Wednesday, July 13, 2016

DPC in Tennessee

As a longtime proponent of the Direct Primary Care (DPC) movement, I found this article quite disappointing.

First, let's start with the fact that a state legislature can't change Federal law. So the fact that The Volunteer State has passed the Healthcare Empowerment Act may well be a great thing, but doesn't change the fact that the ObamaTax is the law of the land, including Tennessee:

"The bill states that DPC arrangements are not health insurance, and are not regulated by the Department of Commerce and Insurance."

How a given state chooses to regulate its citizens and industries is, of course, entirely their choice, but the ACA has specific verbiage relating to DPC, and these aren't open to state by state interpretation.

In this case, the ACA explicitly states that the "Secretary of Health and Human Services shall permit a qualified health plan to provide coverage through a qualified direct primary care medical home plan that meets criteria established by the Secretary, so long as the qualified health plan meets all requirements that are otherwise applicable and the services covered by the medical home plan are coordinated with the entity offering the qualified health plan."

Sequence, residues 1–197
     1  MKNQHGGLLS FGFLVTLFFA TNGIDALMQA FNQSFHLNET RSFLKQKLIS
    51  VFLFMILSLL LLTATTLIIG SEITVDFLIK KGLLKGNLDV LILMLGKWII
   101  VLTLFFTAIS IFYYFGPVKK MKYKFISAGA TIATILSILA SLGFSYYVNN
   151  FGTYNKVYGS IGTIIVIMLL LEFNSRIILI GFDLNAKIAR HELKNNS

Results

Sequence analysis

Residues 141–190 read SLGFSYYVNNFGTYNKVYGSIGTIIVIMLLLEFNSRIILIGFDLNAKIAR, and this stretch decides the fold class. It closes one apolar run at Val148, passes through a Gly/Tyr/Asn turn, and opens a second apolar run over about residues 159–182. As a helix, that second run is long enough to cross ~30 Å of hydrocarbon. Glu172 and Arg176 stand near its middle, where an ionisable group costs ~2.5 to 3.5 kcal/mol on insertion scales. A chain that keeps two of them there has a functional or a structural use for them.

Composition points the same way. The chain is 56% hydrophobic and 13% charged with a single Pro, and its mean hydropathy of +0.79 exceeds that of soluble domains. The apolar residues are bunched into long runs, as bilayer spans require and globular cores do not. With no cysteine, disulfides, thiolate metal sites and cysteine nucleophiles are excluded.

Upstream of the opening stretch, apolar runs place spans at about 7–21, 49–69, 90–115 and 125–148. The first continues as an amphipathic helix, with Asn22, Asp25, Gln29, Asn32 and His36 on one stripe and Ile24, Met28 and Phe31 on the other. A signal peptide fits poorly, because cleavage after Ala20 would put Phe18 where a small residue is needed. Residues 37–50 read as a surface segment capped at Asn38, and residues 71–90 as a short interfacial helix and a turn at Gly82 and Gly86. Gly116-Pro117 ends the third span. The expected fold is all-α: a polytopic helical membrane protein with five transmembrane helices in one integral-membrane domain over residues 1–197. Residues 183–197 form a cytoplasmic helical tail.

The next item with which I have issues is this:

"If you have primary care coverage through your insurance but also sign up for DPC, are you paying for coverage twice? Technically, yes."

Um, there's no "technically" about it: you're going to pay both the DPC fee and the insurance premium (if you want coverage for the oncologist, ER doc, cardiologist, etc). Now, I don't actually have a problem with this: it's the price one pays for accessing the DPC model. There are a lot of benefits to that model, to which the article alludes; I just don't understand why the author found the weasel wording necessary.

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